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    Sure, various degrees of control exist. And while I actually think Apple might have the market share to justify developing their own gpu, that is for another discussion. It is not practical for Google to be the sole gpu provider for Android, but it is practical for Google to be the sole api provider.

    An excellent point that I agree with. When reflecting about my experiences with Google, excellent documentation, tool support, and robustness do not come to mind. Having said that, I don't view Khronos any better in this area. I don't think Khronos has done a good job with robustness (weak conformance tests lead to different behavior across different drivers/ihvs), standard debugging/performance tools, and maintaining a clean api (e.g. core vs compatibility was a bad idea). And it's not just OpenGL; I have almost the exact same feelings about OpenCL too. So while I agree Google is no slam dunk for making developers' lives easier, I don't believe they'll make the status quo any worse.

    At any rate, I could ramble on about Khronos forever. Your use case though is exactly what my "dream world" would hope to solve. Essential tools should be as tightly integrated as possible. I think that goal is more likely to be achieved if Google controlled the graphics api. Being able to set and align timelines between departments, having different departments talk directly to each other, and being able to release a single fully featured product are all very advantageous. Often those advantages will lead to a better experience.

    I think this ties in pretty well with my next question, what does Khronos have to offer Google? Experience and knowledge in 3D graphics? I agree that they are quite skilled in that area but I'm not convinced that's enough. I really do believe Google could produce an api that's technically analogous to Vulkan. And I believe most of Khronos's shortcomings can be attributed to politics. Politics obviously wouldn't go away with Google in charge (see DirectX), but they would be in a better position to "control it". And just to be clear, I'm not suggesting Google should develop this api in isolation without any IHV input. I just think they are unnecessarily ceding power.

    Very true, but I'd argue as long as Google wasn't being completely insane, IHVs would do it.
     
  18. Alessio1989

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    Let's prepare to tons of exotic extensions, aka extension hell 2.0...
     
  19. Xmas

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    I'd like to see a concrete example of what Google could really do better if they controlled the graphics API compared to what they can do now.

    A two year head start. A significant amount of work saved. An ecosystem that developers are already committing to. Portability with Windows and Linux and along with that drivers that will be tested by more diverse software.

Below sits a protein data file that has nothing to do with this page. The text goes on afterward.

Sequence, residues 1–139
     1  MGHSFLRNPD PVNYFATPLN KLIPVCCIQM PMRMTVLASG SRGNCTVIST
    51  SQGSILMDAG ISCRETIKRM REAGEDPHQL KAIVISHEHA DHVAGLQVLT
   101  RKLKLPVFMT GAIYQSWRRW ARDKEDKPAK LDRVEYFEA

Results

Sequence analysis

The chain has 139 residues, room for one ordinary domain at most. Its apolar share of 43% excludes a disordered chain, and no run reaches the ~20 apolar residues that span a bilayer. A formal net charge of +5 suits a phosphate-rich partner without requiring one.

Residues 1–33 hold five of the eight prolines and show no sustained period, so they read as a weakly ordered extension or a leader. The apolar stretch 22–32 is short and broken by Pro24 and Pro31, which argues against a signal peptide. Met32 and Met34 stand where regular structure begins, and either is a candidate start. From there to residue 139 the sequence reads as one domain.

20. willardjuice

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    Like I said previously, integration. We'll even take your example. GPU profiling is quite easy for me on Windows Phone. Simply use Visual Studio without having to install/download/integrate anything. This isn't true for Android or iOS. Xcode's profiler only gives a high level overview and android studio is essentially useless for this use case. I have to download external software from ihvs if I want more detailed information. For android that means I have to maintain like 4+ sets of the same tool if I want to cover all my bases.

    Now you may claim that this has nothing to do with opengl. Microsoft just happens to make a superior ide that offers great support for directx apps. I'll admit there's some truth to that, but it's kind of awesome that with Visual Studio I can often profile an issue without even needing a physical device (the builtin virtualized images run great and are pretty accurate representations). No extra downloads, no extra integration of 3rd party software/drivers/images, no extra hassle. New changes to directx? You can expect great Visual Studio support day one. That is what I want from iOS and Android. Perhaps the same level of integration could be achieved with opengl/vulkan, but it would seem other platform holders are struggling to achieve Microsoft's level of integration.

    Developers are only committing to Vulkan because Android picked Vulkan (developers wouldn't commit to an api that's only used on SteamOS). As for starting later, I suspect Android won't collapse because Google had to use ogl es 3.x + extensions for an extra year. Finally, Android already has portability with Linux and Windows using ogl es, but that certainly has not helped driver quality!

    I'll give you it's more work for Google, but they have the talent and resources to make that a nonissue.